Letters to Young Lovers


“Except the Lord Build the House” Psalm 127:1

Those who are contemplating marriage should consider what will be the character and influence of the home they are founding. As they become parents, a sacred trust is committed to them. Upon them depends in a great measure the well-being of their children in this world, and their happiness in the world to come. To a great extent they determine both the physical and moral stamp that the little ones receive. And upon the character of the home depends the condition of society; the weight of each family's influence will tell in the upward or the downward scale. LYL 13.3

The choice of a life companion should be such as best to secure physical, mental, and spiritual well-being for parents and for their children—such as will enable both parents and children to bless their fellow men and to honor their Creator. LYL 14.1

Jesus did not begin His ministry by some great work before the Sanhedrin at Jerusalem. At a household gathering in a little Galilean village His power was put forth to add to the joy of a wedding feast. Thus He showed His sympathy with men, and His desire to minister to their happiness. LYL 14.2

He who gave Eve to Adam as a helpmeet, performed His first miracle at a marriage festival. In the festal hall where friends and kindred rejoiced together, Christ began His public ministry. Thus He sanctioned marriage, recognizing it as an institution that He himself had established. LYL 14.3

The presence of Christ alone can make men and women happy. All the common waters of life Christ can turn into the wine of heaven. The home then becomes as an Eden of bliss; the family, a beautiful symbol of the family in heaven. LYL 14.4

Edson was the second of Ellen White's four sons. Because of her extensive travel and other responsibilities throughout her busy life, she had to be away from her children. A large collection of her letters to them has been preserved. The following letter was written to Edson and Emma in 1870 shortly after their marriage, and represents a mother's hopes and prayers for the home that has just been established. The counsel shows a loving mother's care for her son, but carries the added dimension of her own experience in receiving divine messages from the Lord in visions. LYL 14.5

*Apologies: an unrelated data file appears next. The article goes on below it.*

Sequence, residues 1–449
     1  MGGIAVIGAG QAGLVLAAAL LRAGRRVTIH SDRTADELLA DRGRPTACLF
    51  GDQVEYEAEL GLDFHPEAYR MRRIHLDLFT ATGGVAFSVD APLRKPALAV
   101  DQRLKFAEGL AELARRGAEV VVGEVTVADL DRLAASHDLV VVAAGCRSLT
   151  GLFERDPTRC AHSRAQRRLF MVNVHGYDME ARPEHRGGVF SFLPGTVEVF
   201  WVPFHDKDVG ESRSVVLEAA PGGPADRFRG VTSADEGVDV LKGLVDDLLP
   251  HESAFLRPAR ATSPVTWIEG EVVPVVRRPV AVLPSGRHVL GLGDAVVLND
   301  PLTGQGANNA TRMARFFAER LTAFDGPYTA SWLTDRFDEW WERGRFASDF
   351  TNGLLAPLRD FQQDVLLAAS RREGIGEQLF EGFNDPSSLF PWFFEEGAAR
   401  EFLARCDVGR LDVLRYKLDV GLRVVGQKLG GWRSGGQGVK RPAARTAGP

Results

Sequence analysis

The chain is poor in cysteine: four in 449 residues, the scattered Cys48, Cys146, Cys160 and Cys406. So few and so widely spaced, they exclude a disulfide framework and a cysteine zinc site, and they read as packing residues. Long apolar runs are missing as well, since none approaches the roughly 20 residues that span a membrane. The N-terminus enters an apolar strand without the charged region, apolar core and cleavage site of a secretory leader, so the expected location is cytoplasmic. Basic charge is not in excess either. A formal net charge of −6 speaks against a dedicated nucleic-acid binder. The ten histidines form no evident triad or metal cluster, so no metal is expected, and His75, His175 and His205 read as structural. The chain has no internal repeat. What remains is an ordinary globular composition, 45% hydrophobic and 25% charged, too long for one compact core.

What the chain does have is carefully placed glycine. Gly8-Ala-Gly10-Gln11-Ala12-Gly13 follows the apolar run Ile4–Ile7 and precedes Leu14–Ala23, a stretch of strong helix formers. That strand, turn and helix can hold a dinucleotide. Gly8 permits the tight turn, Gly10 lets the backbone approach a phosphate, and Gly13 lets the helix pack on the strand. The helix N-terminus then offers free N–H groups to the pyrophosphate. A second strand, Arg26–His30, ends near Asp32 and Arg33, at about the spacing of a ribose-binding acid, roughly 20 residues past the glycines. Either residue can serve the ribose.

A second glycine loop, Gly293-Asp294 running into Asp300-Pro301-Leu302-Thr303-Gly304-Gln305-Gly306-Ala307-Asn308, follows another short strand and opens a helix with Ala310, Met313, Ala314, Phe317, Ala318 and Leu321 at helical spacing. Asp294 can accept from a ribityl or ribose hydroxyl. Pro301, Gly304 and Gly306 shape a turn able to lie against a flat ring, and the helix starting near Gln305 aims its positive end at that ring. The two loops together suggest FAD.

Campmeeting Grounds Clyde, Ohio,

September, 1870

Dear Edson and Emma,

You, my children, have given your hearts to one another; unitedly give them wholly, unreservedly to God. In your married life seek to elevate one another. Show the high and elevating principles of your holy faith in your everyday conversations and in the most private walks of life. Be ever careful and tender of the feelings of one another. Do not allow a playful, bantering, joking censuring of one another. These things are dangerous. They wound. The wound may be concealed, nevertheless the wound exists and peace is being sacrificed and happiness endangered. LYL 15.1

My son, guard yourself and in no case manifest the least disposition savoring of a dictatorial, overbearing spirit. It will pay to watch your words before speaking. This is easier than to take them back or efface their impression afterward. Ever speak kindly. Modulate even the tones of your voice. Let only love, gentleness, mildness be expressed in your countenance and in your voice. Make it a business to shed rays of sunlight, but never leave a cloud. Emma will be all to you you can desire if you are watchful and give her no occasion to feel distressed and troubled and to doubt the genuineness of your love. You yourselves can make your happiness or lose it. You can by seeking to conform your life to the Word of God be true, noble, elevated, and smooth the pathway of life for each other. LYL 15.2

Yield to each other. Edson, yield your judgment sometimes. Do not be persistent, even if your course appears just right to yourself. You must be yielding, forbearing, kind, tenderhearted, pitiful, courteous, ever keeping fresh the little courtesies of life, the tender acts, the tender, cheerful, encouraging words. And may the best of heaven's blessings rest upon you both, my dear children, is the prayer of your mother. LYL 15.3


Letter 24, 1870